We are moving into a new environment for innovation in which universities and other knowledge-producing organizations play a much stronger role. Local, regional, and national governments are more actively engaged in formulating industrial policy. International and multinational authorities are also involved. Even the older, larger firms are revising the way that they develop technology, entering into horizontal and vertical strategic alliances to develop and market new products. Product and process innovation within industry (Mowery 1983) is complemented by techno-scientific innovation (Hilpert 1991). Originating in academia and encouraged by government policies, new technological fields such as biotechnology and alternative energy have...

  7. PART THREE REGIONAL SYSTEMS OF INNOVATION

    • 7 The North American System of Innovation in the Global Context
      (pp. 151-173)
      JOHN ALIC

      This chapter seeks (1) to clarify the meaning of innovation systems, stressing the extent to which they are systems for generating and applying knowledge; (2) to outline the North American system of innovation and explore the usefulness of this construct given a world economy in which national boundaries are porous to flows of knowledge; and (3) to speculate concerning the future place of the Americas in the international economy. The focus is primarily on the United States and Mexico. The U.S. national system of innovation, largely a creation of the Cold War and as yet changed relatively little, dominates not...

    • 8 The Regionalization of Production and Competitiveness in East Asia
      (pp. 174-193)
      JOHN RAVENHILL

      The relative contribution made by states and market forces to East Asia’s impressive economic performance continues to dominate academic discussion of the region, a tendency reinforced by the publication of the controversial World Bank reportThe East Asian Miracle(World Bank 1993).¹ Curiously, the bank’s report says almost nothing about the firms or the organization of production in the region. By continuing to focus on the nation-state as the principal unit of analysis, the bank and many of its critics alike have ignored the regionalization of production that has greatly accelerated in the last decade, contributing significantly to the ability...

    • 9 The European Information Society and Regional Cohesion
      (pp. 194-202)
      LUC SOETE

      The potential economic and social benefits to Europe’s regions offered by the new information and communication technologies (ICTs) identified with the emerging Information Society are varied and great. The “death of distance” associated with these new technologies leads one quite naturally to focus on the new growth and development opportunities in the geographicallyless-favoured regions(LFRs) – those areas that have hitherto suffered most from such geographical barriers to development. It is clear, however, that grasping these opportunities is not automatic.

      In order to access the benefits of the Information Society, the LFRs must have in place a number of pre-requisites....

  8. PART FOUR EMERGING ISSUES IN INNOVATION SYSTEMS

    • 10 Competitiveness and Complex Economic Integration in the North American Region
      (pp. 205-219)
      RICHARD G. HARRIS

      Competitiveness has traditionally been addressed at the national level, and a fundamental issue in economics has always been the wealth of nations. The past decade has seen an unprecedented move towards the economic integration of large regions of the globe. The link between the regional trading blocs and national competitiveness has thus far received less attention than it merits. The completion of the North Americaneconomic regionwas given considerable impetus with the North American Free Trade Agreement (NAFTA). In this chapter, I review the issue of the competitiveness of North America in light of the integration that is proceeding....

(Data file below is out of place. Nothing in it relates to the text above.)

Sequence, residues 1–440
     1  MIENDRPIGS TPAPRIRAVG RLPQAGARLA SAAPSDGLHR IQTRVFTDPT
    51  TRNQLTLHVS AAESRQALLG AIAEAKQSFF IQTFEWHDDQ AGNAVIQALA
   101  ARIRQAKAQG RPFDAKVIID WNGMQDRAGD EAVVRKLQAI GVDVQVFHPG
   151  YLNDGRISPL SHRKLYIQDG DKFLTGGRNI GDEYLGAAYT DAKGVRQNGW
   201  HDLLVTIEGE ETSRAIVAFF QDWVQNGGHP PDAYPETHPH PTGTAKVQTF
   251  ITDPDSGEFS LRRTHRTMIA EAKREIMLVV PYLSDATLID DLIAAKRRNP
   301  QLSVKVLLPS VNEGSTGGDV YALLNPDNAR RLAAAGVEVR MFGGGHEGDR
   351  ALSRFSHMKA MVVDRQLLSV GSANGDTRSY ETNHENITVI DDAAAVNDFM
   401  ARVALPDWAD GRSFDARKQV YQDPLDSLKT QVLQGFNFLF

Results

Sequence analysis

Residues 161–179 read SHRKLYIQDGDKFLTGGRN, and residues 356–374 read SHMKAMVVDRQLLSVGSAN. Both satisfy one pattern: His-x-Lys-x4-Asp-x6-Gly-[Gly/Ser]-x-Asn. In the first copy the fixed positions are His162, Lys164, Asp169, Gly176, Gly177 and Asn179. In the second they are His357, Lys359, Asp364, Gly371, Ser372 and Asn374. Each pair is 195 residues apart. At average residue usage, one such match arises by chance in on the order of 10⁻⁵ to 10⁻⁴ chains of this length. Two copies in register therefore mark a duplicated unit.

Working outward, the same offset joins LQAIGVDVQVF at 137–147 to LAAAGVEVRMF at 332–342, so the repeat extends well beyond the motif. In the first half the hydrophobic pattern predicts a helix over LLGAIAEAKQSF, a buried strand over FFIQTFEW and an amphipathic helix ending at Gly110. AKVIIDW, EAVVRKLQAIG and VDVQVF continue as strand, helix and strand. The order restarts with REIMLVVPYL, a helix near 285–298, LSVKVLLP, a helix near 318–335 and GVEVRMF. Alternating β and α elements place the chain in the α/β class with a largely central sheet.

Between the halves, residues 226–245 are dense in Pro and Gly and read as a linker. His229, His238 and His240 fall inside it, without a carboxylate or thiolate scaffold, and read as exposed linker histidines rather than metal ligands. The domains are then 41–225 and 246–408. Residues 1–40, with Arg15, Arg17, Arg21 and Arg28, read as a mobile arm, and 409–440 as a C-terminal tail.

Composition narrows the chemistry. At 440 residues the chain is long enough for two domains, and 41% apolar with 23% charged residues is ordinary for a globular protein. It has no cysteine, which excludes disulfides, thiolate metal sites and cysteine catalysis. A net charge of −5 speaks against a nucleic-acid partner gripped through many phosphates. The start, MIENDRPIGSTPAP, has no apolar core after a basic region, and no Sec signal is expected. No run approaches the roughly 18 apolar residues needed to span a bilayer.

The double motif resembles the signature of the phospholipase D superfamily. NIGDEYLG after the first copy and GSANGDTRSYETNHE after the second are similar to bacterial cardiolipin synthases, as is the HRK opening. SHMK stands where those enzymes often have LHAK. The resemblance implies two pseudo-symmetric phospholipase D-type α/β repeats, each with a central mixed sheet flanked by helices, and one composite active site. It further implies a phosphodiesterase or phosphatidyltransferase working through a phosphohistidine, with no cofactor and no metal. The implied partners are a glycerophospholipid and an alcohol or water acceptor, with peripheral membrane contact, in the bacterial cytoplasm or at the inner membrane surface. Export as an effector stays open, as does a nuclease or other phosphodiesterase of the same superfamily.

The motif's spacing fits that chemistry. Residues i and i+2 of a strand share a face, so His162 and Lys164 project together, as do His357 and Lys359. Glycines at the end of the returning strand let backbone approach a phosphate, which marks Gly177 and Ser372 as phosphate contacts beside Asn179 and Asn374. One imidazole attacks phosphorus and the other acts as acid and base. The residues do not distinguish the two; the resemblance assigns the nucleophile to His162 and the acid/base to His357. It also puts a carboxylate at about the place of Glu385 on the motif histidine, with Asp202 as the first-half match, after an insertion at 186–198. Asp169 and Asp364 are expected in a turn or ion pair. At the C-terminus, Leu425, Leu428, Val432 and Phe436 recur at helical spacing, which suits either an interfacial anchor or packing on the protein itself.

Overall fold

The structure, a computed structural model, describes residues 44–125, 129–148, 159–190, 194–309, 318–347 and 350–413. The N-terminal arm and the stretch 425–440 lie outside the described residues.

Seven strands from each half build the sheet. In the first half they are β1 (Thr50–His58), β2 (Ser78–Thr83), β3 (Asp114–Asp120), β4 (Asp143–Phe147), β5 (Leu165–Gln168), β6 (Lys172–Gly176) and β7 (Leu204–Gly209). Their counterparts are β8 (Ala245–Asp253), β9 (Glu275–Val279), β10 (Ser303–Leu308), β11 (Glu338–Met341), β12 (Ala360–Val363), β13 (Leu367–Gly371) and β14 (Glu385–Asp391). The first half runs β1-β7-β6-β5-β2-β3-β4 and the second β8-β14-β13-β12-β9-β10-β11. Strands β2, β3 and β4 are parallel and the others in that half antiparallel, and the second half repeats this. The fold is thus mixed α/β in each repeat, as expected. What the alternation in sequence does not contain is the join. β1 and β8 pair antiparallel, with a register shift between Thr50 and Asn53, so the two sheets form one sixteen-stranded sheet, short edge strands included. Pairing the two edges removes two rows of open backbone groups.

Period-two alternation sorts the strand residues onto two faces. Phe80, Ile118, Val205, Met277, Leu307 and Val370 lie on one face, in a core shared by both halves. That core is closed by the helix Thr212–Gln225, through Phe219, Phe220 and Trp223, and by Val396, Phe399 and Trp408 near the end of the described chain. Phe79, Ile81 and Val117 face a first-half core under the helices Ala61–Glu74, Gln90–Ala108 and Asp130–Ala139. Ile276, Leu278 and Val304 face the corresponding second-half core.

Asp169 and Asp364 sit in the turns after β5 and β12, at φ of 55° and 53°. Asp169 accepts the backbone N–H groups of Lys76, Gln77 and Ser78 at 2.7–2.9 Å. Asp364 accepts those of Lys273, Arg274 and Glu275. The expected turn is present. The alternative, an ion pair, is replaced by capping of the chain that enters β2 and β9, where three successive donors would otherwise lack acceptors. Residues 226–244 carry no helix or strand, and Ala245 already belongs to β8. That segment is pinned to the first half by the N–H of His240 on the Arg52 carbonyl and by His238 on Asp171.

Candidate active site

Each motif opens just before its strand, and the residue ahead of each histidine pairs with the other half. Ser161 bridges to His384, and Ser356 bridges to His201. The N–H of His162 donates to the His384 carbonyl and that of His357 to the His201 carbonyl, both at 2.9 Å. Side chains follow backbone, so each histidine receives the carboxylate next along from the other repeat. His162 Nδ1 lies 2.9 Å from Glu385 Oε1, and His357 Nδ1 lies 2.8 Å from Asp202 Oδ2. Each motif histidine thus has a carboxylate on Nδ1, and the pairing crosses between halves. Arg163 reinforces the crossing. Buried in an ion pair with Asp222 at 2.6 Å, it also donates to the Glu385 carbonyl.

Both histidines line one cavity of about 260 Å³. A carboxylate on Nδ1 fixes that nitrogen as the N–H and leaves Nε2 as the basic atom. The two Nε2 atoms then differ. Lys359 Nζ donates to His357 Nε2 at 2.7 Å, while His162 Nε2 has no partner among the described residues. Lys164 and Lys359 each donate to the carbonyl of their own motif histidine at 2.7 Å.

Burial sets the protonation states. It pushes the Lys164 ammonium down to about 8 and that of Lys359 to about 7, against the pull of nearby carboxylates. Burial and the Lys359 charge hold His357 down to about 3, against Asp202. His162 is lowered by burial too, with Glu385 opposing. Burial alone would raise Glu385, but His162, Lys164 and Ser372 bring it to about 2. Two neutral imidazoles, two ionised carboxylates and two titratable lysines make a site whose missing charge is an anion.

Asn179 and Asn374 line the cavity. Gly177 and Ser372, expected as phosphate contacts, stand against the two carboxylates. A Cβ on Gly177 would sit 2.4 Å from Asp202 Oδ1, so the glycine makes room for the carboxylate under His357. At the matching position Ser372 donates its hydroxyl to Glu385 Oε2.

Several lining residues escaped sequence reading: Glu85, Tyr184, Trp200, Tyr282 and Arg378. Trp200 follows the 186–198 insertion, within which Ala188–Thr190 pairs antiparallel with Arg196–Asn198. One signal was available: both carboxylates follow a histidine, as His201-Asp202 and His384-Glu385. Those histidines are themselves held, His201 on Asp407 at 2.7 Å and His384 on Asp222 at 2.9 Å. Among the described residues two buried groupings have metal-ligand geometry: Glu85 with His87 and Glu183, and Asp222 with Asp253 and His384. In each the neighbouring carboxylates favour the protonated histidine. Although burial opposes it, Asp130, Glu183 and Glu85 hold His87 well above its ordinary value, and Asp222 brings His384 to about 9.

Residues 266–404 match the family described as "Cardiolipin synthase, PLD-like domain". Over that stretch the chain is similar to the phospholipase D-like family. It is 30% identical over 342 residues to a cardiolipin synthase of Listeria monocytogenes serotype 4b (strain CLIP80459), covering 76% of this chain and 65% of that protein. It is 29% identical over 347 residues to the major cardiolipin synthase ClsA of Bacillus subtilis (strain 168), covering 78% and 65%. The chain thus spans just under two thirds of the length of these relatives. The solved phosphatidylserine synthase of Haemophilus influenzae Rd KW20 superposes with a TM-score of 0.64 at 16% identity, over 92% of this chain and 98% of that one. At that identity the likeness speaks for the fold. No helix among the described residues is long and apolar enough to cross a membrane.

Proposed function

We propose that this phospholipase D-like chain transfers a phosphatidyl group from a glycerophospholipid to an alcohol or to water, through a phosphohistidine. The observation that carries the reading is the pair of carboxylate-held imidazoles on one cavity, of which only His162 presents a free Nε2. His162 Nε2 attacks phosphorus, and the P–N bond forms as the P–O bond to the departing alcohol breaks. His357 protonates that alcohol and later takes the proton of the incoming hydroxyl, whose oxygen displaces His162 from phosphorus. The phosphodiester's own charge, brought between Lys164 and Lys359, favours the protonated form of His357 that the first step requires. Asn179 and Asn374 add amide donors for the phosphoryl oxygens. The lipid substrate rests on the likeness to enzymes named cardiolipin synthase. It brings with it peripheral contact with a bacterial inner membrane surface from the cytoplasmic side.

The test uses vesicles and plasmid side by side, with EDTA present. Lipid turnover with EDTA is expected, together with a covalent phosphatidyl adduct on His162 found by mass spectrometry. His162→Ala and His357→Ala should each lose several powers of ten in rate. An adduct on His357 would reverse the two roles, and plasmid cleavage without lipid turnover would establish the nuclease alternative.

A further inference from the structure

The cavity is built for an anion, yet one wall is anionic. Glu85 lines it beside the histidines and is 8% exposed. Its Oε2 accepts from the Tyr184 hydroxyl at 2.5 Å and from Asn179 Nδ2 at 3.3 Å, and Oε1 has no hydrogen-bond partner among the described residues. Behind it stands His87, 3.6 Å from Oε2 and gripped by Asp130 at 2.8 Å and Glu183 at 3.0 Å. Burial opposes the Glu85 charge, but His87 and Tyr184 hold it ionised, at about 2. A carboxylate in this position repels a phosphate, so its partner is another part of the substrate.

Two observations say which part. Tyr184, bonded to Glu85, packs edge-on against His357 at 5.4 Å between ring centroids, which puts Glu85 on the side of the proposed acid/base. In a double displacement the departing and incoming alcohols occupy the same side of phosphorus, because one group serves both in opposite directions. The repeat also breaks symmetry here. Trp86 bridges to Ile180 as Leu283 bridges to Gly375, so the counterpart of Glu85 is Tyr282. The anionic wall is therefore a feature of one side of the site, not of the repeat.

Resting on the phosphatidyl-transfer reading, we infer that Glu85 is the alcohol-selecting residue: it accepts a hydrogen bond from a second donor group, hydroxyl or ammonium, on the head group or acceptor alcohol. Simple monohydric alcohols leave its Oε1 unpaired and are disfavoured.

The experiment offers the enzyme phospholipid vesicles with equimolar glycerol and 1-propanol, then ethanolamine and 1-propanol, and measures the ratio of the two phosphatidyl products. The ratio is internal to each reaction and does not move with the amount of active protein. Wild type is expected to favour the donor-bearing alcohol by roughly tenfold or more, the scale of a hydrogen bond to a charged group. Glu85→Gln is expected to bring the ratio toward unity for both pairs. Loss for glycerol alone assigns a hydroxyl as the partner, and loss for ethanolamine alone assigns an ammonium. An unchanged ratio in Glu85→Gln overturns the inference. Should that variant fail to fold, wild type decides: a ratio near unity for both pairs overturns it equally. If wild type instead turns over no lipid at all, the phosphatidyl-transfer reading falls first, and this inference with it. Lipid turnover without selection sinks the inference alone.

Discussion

• 11 The Variable Geometry of Asian Trade: Trade and Competitiveness in North America – East Asian Interdependence
      (pp. 220-252)
      STEPHEN S. COHEN and PAOLO GUERRIERI

      The spectacular economic success of the Asian Pacific region has generated a vast literature¹ that has identified many different, and often mutually exclusive, sources for that success and related it to North American competitiveness – as both cause and effect – in positive, negative, and relative terms. Most studies of Asian success, however, have attributed a critical role to international trade. The exceptionally rapid rates of economic growth achieved by the Asian countries are generally associated with their even more impressive achievements in export performance. Though exports of Asian countries have historically been oriented towards Western industrial countries, trade statistics indicate very...

    • 12 Stabilization, Structural Adjustment, and Labour Market Performance after NAFTA: The Mexican Experience
      (pp. 253-286)
      DIANA ALARCÓN and EDUARDO ZEPEDA

      Although fifteen years have passed since radical economic reforms were initiated, Mexico is still confronting the difficult challenge of establishing conditions for stable long-term development. In recent years, the social sustainability of the reform process has been repeatedly called into question because reform has failed to deliver economic growth, job expansion, or opportunities to improve the standard of living of large sectors of Mexican society. In a largely urban country like Mexico, the possibilities of improving standards of living and creating greater social mobility – indeed, social and political cohesion – critically depend on generating productive employment for a growing labour force....

    • 13 Sustainable Development and Technological Innovation in North America
      (pp. 287-301)
      ROBERTO A. SANCHEZ

      This chapter explores the relationship between sustainable development and technological innovation in North America with a view to fostering further discussion on the topic. It focuses on the feasibility of achieving a process of sustainable development in the region and on the potential role of innovation in this process.

      Sustainable development has a wide variety of definitions. These range from a strategy loosely defined as the search for a way to conserve natural resources and protect the environment, to a more comprehensive social approach that seeks both intra- and intergenerational equity. Although a common element in most definitions is the...

  9. Contributors
    (pp. 302-303)